Primed to transform through a common market
GST can be a game-changer that propels India into the big league of developed nations
Alignment of revenue collection via a destinationbased tax structure for maximum effect is a major benefit of the impending GST regime in the country. The Modi-led NDA Government will always be remembered for historic reforms that align tax laws with the contemporary business environment.
Coming to GST, however, it is necessary to bust a popular misconception that the GST Bill has been passed. What the Parliament cleared was the GST Constitutional Amendment Bill that will permit a simple tax regimen, the Goods and Services Tax, after this is passed separately by both Houses of Parliament. This will happen in Parliament’s Winter Session (26 November to 23 December). At the same time, the 29 Indian states need to ratify their own GST Bills, with minimum 15 states required to pass the Bill for it to become an Act. This will then be India’s biggest tax reform ever.
During the past decade, the issue of reforms in the Indian tax system has held centre-stage at the highest policy forums. In order to reform the tax system according to internal and external factors, the Goods and Services Tax (GST) framework was proposed in the 2006-07 Budget. A consumption or destination-based tax levied on the basis of the ‘destination principle’, GST covers both goods and services and is collected on the value added at each stage of the supply chain. Moreover, GST paid on procurement of goods and services can be offset against that payable on the supply of goods or services.
Indeed, not only will the new system integrate India’s fragmented market into one massive entity, it will also potentially impact financial aspects; the overall operating ones in terms of supply chain, IT system and marketing strategies. Ultimately, it will overhaul the entire Business Model, which as the practitioners of the craft of managing companies, Company Secretaries will look up to and welcome.
A seamless transition to the GST regime entails adopting a business transformation approach. Proper planning and realignment of value chains prior to implementation of GST will impart a competitive edge to organizations, though the intricacies of the new law are yet to be fully comprehended, particularly since the GST rates are not yet decided. Nevertheless, the Draft Model Law on GST gives a clear peep into the fundamental framework of the proposed law and calls for a proactive approach in embracing GST as a strategic opportunity to gain a competitive edge, streamline business models and drive efficiencies to boost profitability and value.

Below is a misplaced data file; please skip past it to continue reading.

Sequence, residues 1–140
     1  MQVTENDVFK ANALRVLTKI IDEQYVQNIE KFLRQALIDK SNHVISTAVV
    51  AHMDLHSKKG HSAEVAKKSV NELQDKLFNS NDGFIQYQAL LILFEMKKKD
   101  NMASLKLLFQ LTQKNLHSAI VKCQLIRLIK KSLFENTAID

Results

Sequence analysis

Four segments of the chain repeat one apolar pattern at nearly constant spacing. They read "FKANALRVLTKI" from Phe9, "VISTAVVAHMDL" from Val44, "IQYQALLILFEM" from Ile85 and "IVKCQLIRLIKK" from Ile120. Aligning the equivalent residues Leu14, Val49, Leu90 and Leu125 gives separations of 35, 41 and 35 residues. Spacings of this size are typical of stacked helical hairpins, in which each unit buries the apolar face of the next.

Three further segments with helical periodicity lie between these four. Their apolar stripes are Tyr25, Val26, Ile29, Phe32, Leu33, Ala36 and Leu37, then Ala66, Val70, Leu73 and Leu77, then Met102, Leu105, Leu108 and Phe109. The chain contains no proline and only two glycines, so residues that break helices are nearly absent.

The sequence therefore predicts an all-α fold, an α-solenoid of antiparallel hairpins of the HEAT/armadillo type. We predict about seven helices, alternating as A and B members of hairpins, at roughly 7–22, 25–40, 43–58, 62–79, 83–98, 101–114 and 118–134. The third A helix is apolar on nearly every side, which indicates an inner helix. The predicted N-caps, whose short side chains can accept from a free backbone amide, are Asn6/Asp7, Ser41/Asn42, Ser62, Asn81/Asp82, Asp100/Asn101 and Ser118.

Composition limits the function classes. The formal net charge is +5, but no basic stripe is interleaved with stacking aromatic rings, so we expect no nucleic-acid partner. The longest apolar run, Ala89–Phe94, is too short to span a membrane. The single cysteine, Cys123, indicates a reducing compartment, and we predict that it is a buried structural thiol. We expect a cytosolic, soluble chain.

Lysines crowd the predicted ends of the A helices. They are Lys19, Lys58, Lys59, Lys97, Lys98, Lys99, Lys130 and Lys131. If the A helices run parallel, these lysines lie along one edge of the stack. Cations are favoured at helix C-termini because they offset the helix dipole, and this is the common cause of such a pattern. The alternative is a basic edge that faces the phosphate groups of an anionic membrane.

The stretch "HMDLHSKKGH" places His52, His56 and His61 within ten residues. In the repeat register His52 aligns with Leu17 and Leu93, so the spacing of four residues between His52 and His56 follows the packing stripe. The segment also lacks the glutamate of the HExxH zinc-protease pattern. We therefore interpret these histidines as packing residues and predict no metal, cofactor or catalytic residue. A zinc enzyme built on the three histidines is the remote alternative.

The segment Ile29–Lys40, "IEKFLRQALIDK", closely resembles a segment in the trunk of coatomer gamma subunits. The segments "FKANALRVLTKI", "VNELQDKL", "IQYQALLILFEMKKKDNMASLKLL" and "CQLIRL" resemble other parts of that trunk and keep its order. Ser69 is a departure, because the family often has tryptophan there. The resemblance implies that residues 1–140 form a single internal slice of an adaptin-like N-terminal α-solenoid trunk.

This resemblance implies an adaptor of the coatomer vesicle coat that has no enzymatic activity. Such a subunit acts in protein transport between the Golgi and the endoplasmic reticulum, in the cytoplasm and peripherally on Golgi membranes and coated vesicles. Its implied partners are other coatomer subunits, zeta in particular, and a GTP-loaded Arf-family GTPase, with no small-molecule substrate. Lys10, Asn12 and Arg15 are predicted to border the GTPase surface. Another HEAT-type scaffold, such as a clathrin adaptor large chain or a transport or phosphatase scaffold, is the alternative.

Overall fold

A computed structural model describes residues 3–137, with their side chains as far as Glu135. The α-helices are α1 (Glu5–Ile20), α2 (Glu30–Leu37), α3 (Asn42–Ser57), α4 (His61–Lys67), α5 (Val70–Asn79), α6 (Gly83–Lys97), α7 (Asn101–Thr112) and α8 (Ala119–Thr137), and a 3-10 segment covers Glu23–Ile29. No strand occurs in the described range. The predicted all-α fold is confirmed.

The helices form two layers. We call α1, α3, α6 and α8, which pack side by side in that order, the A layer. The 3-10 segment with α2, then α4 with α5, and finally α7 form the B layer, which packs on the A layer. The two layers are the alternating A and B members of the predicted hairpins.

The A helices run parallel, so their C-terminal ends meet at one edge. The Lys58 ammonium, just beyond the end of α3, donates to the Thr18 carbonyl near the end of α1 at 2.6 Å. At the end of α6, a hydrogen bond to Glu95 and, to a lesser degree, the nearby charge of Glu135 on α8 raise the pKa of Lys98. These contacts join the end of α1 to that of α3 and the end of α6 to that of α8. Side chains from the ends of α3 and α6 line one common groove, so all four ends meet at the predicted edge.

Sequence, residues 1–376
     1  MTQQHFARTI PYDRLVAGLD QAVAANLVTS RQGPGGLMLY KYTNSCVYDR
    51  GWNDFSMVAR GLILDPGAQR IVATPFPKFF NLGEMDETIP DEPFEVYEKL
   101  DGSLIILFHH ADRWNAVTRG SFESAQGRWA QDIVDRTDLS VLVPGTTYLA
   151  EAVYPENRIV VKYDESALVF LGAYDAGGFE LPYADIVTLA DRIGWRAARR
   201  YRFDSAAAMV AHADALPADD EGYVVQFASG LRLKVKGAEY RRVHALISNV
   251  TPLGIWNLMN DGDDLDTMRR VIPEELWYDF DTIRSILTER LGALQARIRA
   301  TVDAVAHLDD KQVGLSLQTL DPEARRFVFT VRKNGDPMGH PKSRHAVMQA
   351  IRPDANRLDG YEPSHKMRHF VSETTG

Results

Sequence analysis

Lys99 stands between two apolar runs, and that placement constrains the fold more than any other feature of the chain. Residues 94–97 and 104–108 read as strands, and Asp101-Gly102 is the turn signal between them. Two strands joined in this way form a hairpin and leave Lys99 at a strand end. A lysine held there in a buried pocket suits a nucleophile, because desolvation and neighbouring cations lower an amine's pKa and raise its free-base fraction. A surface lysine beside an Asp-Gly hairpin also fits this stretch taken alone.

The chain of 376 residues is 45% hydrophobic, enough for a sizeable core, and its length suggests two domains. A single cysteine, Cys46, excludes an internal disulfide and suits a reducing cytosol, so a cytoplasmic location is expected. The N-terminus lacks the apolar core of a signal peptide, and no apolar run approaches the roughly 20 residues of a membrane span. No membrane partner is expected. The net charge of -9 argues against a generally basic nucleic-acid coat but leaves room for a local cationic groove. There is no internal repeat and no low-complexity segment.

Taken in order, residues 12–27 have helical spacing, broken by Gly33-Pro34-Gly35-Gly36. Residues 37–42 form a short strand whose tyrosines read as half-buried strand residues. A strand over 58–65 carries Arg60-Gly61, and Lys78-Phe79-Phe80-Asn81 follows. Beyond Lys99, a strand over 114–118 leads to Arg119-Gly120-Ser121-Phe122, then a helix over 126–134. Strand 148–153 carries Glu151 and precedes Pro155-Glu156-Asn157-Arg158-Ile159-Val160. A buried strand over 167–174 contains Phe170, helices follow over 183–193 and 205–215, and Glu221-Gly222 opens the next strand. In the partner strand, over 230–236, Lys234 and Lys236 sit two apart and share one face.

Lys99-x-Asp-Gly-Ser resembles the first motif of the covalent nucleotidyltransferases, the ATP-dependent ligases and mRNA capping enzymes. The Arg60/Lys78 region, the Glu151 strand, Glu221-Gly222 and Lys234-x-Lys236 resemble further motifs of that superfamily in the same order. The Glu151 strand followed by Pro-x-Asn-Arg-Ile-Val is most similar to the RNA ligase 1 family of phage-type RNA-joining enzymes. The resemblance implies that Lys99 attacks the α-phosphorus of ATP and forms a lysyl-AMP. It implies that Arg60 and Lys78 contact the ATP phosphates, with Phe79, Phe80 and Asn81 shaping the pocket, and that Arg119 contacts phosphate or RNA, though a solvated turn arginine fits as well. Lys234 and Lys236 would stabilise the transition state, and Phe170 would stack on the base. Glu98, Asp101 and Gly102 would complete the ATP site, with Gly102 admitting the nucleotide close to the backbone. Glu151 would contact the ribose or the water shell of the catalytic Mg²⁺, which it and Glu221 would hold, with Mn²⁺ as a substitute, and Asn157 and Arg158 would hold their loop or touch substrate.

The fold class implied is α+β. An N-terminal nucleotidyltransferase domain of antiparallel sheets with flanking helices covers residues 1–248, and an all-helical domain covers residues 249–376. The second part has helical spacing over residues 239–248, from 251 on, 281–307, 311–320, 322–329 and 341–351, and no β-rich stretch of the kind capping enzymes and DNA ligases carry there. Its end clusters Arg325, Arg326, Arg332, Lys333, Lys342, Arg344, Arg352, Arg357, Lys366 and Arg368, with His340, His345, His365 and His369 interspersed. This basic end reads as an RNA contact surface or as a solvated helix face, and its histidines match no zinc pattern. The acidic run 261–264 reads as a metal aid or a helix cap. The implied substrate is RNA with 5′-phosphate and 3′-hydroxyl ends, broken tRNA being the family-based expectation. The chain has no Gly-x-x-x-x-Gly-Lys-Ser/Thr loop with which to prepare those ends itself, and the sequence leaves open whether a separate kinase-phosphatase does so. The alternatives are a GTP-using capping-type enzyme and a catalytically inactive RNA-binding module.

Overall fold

Currently, we have one country comprising 29 different states/ markets. Under GST, there will be one country and one market. Significant cost reductions in supply chain will become possible under GST by rationalization of the warehousing and transport systems. Withdrawal of entry tax/octroi will reduce transit time of goods transported through trucks. Checkposts are likely to be withdrawn, unless required in sensitive places for internal security purposes. In other words, integration of the domestic market via GST will improve economic efficiency and needless fragmentation of supply chains will be minimized. India will be truly transformed into one common market, almost seven decades after political integration.
A uniform tax structure across India will eliminate cascading taxes and curb compliance costs. In a nutshell, GST will be a game-hanging reform for the Indian economy facilitating the creation of a common market with minimum exemptions and maximum compliance. For instance, both service tax and VAT are sometimes charged on a single transaction. GST will eliminate such double taxation, thereby reducing overall osts and boosting the ease of doing business. This will go a long way in rationalizing the overall compliance cost and burden.
The proposed law is a step towards a standard tax law across the country that will subsume multiple taxes under three slabs of GST. The prospective rates of the three slabs may be: a lower rate of 12%; a standard rate of 18%; and a higher rate of 30% or more. While the lower rates will apply to food and other important products, the standard rate would be applicable to other goods and services, whereas the higher rates will be imposed on premium, luxury and ‘sinful’ products, including liquor.
Recently, contentious issues have emerged, particularly in sectors such as e-commerce, artificial intelligence and other IT/ ITeS-enabled products/services. GST proposes to introduce concepts of ‘Electronic Commerce’ and ‘Electronic Commerce Operator’, thereby aligning tax laws with today’s business environment. Also, with GST, e-commerce operations can be streamlined to a great extent.
Under the existing indirect tax regime, particularly for transactions such as sale of software (especially via download or transfer through electronic media), renting of goods, sale or supply of products through e-commerce portals across India, ambiguity often prevails vis-à-vis the jurisdiction they come under. The model GST has a clause stating that Central and State Governments will clearly notify what constitutes supply of goods and not services, what constitutes supply of services and not goods and what constitutes neither of the two, which will be helpful in providing impetus to the Digital India initiative.
Considering its vast benefits, GST can finally be the game-changer India Inc. was eagerly awaiting. The author is President – ICSI